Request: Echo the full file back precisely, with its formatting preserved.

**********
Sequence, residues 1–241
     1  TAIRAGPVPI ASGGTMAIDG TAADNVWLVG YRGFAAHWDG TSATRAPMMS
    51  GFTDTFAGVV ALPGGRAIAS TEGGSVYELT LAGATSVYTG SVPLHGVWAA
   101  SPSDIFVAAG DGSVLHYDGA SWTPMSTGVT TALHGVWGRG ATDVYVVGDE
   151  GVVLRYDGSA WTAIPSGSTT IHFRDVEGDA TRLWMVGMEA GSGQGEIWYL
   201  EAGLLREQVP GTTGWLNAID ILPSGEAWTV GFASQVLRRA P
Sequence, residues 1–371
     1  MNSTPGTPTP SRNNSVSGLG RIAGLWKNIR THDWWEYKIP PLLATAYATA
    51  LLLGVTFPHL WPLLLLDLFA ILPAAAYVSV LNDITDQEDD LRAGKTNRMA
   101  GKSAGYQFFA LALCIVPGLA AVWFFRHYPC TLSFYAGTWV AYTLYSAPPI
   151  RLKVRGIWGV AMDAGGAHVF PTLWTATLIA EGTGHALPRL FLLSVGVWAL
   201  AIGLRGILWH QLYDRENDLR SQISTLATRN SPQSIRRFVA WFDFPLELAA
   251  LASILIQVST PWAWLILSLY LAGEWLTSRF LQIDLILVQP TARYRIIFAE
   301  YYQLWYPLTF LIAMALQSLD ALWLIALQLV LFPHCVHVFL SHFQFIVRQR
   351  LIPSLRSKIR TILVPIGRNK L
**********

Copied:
Sequence, residues 1–241
     1  TAIRAGPVPI ASGGTMAIDG TAADNVWLVG YRGFAAHWDG TSATRAPMMS
    51  GFTDTFAGVV ALPGGRAIAS TEGGSVYELT LAGATSVYTG SVPLHGVWAA
   101  SPSDIFVAAG DGSVLHYDGA SWTPMSTGVT TALHGVWGRG ATDVYVVGDE
   151  GVVLRYDGSA WTAIPSGSTT IHFRDVEGDA TRLWMVGMEA GSGQGEIWYL
   201  EAGLLREQVP GTTGWLNAID ILPSGEAWTV GFASQVLRRA P
Sequence, residues 1–371
     1  MNSTPGTPTP SRNNSVSGLG RIAGLWKNIR THDWWEYKIP PLLATAYATA
    51  LLLGVTFPHL WPLLLLDLFA ILPAAAYVSV LNDITDQEDD LRAGKTNRMA
   101  GKSAGYQFFA LALCIVPGLA AVWFFRHYPC TLSFYAGTWV AYTLYSAPPI
   151  RLKVRGIWGV AMDAGGAHVF PTLWTATLIA EGTGHALPRL FLLSVGVWAL
   201  AIGLRGILWH QLYDRENDLR SQISTLATRN SPQSIRRFVA WFDFPLELAA
   251  LASILIQVST PWAWLILSLY LAGEWLTSRF LQIDLILVQP TARYRIIFAE
   301  YYQLWYPLTF LIAMALQSLD ALWLIALQLV LFPHCVHVFL SHFQFIVRQR
   351  LIPSLRSKIR TILVPIGRNK L